Study finds staggering levels of poisonous metals in toys; most parents unaware of health hazards
It is normal for toys to contain plastics, small motors, miniature wheels; but toxic metals such as lead, chromium, cadmium – not so normal. Most parents, oblivious to the fact, expose their kids to the imminent health hazards associated with using such toxic toys.
A recent study has revealed that the toys – both imported and locally made – that Bangladeshi kids play with every day, contain high levels of some very toxic heavy metals which may result in deadly diseases such as cancer, replacing the joy of playing with toys.
What is more alarming is that there is no specific guideline in place that may govern the import and distribution of such toys, although Bangladeshi toy manufacturers have to go through strict monitoring procedures for getting their products into the US and European markets.
Rayhan Kabir, operations manager of Pebble Child BD Ltd, said: “When we export toys to the EU markets, we have to follow the EU Toy Safety law, which ensures that there is nothing harmful for the children. In the United States and Australia, we cannot export toys without certification.”
Even the Bangladesh Standards Testing Institute (BSTI) – the authority in charge of looking after the quality of products – is not known for checking whether these imported toys are healthy for Bangladeshi children.
BSTI Director Kamal Prashad Das said they had not examined toys in their laboratories and there was no law or regulation to monitor the quality of the toys.
“Any sort of heavy metal is hazardous to health and it is highly risky for the children. Toys should be brought into regulation soon considering child health,” he said.
Apart from cancer, presence of high levels of heavy metals may also lead to children developing learning disabilities and hormonal problems.
Children run the highest risks of getting exposed, not only because they are the predominant users, but also because chances of contamination escalate at the early stages of cerebral and physical development. Another reason why the risks climb higher is that kids often tend of put the toys in their mouths.
According to the survey conducted by the Environment and Social Development Organisation (ESDO), a non-government entity, around 97% of toys, tested for the purpose of the study, contained high concentration of lead, cadmium, bromine and chromium.
“High concentration” of toxic metals means that the levels are significantly above the ceilings recommended by the European Union and the United States.
Disturbingly, 70% of the respondents of the survey that accompanied the study, are unaware of the threats that these toxic toys can pose to the health of children and also the environment.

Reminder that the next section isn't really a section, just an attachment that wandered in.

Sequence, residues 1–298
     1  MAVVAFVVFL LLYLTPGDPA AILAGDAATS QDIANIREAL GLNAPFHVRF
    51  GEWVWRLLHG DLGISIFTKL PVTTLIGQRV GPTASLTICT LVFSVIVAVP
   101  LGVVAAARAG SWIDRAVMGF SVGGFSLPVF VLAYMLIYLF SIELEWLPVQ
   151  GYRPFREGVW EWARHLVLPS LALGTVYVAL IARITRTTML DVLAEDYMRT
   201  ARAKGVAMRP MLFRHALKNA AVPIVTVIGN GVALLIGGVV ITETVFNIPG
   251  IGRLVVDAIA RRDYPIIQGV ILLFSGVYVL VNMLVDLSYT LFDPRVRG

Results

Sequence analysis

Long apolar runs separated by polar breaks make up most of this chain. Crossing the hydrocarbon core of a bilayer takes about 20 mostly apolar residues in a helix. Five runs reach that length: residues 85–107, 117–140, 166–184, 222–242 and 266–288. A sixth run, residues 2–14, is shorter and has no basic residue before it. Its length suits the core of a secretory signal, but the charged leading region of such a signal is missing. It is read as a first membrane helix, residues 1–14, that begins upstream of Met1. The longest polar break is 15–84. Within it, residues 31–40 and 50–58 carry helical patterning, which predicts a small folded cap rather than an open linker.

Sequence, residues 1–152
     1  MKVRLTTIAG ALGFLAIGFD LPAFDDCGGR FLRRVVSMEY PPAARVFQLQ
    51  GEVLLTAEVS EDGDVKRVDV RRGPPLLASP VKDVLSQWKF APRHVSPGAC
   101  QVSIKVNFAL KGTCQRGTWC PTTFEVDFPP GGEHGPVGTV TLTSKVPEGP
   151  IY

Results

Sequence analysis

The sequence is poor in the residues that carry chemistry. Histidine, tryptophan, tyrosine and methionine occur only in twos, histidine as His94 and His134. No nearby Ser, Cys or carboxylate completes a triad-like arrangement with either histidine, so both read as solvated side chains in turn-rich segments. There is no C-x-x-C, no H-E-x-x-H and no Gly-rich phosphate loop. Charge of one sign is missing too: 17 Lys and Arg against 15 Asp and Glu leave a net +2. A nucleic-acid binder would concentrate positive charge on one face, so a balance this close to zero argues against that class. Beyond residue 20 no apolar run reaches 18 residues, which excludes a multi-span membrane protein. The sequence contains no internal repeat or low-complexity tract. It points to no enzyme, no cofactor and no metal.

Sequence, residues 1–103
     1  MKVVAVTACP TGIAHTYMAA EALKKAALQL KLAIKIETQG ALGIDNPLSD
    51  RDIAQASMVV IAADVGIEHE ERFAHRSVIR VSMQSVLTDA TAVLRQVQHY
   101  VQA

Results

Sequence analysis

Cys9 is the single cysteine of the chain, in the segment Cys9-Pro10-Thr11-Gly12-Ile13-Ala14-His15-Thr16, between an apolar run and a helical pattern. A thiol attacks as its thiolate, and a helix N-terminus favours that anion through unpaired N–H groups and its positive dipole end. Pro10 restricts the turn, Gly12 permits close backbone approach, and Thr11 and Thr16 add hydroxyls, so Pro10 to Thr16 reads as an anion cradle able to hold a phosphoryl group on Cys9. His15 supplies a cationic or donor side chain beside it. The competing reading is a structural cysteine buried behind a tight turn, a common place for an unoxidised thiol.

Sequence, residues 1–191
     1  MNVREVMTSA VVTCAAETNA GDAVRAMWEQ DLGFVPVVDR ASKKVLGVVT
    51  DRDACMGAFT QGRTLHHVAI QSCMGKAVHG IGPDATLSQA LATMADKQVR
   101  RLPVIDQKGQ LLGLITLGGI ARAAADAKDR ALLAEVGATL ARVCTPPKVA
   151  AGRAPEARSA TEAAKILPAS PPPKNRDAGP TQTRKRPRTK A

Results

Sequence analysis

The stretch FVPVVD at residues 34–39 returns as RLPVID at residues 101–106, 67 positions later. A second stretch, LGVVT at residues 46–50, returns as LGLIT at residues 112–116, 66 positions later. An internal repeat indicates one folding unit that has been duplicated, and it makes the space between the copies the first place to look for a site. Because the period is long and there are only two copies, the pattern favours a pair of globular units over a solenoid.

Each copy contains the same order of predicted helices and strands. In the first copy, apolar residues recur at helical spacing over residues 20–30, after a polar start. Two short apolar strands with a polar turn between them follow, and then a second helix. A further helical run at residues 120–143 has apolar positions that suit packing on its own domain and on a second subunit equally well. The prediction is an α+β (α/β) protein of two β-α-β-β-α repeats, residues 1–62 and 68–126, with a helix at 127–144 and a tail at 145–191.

More disturbing is that reputed global toy brands such as Barbie and Lego are no different. The levels of lead, chromium and cadmium found in some tested Barbie and Lego toys were higher than European standards.
Out of the samples tested, 75% were contaminated with bromine, 62.5% with lead, 27.5% with chromium and 20% with cadmium.
The study has found high levels of lead and chromium in locally-made clay and wooden toys as well.
Lead is known as a neurotoxin with no safe level of exposure. Even small concentrations of lead can give rise to anaemia, difficulties in learning, attention, coordination, vision and speech. Cadmium has disastrous impacts on lungs, kidneys, bones, pancreas and blood.
Toxic effects of bromine has been observed on skin, lungs, blood, eyes, stomach and heart. Chromium has toxic effects on skin, lungs, kidneys, the reproductive system and liver.
Results of the awareness survey showed that 74% of the respondent parents buy their kids foreign toys and 64% respondents do not have any idea whether the toys they buy are safe or not. Some 88% parents said they did not have any knowledge about the presence of toxic metals in toys.
Around 58% of the respondents said their offspring put toys in their mouths. Interestingly, 20% of the surveyed parents said they had noticed their children face health problems after using the toys.
The study also found that a lack of mass awareness and zero enforcement of law about proper disposal of discarded toys are also raising the level of danger. More than two-third of the respondent parents admitted that they dump the used toys in their regular garbage cans along with other everyday wastes.
The discarded toys end up in the landfill, in the water bodies and the drainage systems. Experts say these toxic materials can remain in the environment for extended periods before degrading and getting carried long distances into the sea.
“Lead is simply poisonous for public health. Children play with toys and most of the time they chew the toys. If there is lead in the toys, children may suffer mental disorder and anaemia. Their behavioural pattern could also change. In the long run, their kidneys might malfunction and red blood cell count may go down,” Abid Hossain Molla, professor of paediatrics at the Dhaka Medical College Hospital, told the Dhaka Tribune.
There is no published data that may give a comprehensive picture of the toy industry in Bangladesh. With only a fifth of the domestic demand met by local manufacturers, Bangladeshi toy industry is considered “emerging” in the global perspective.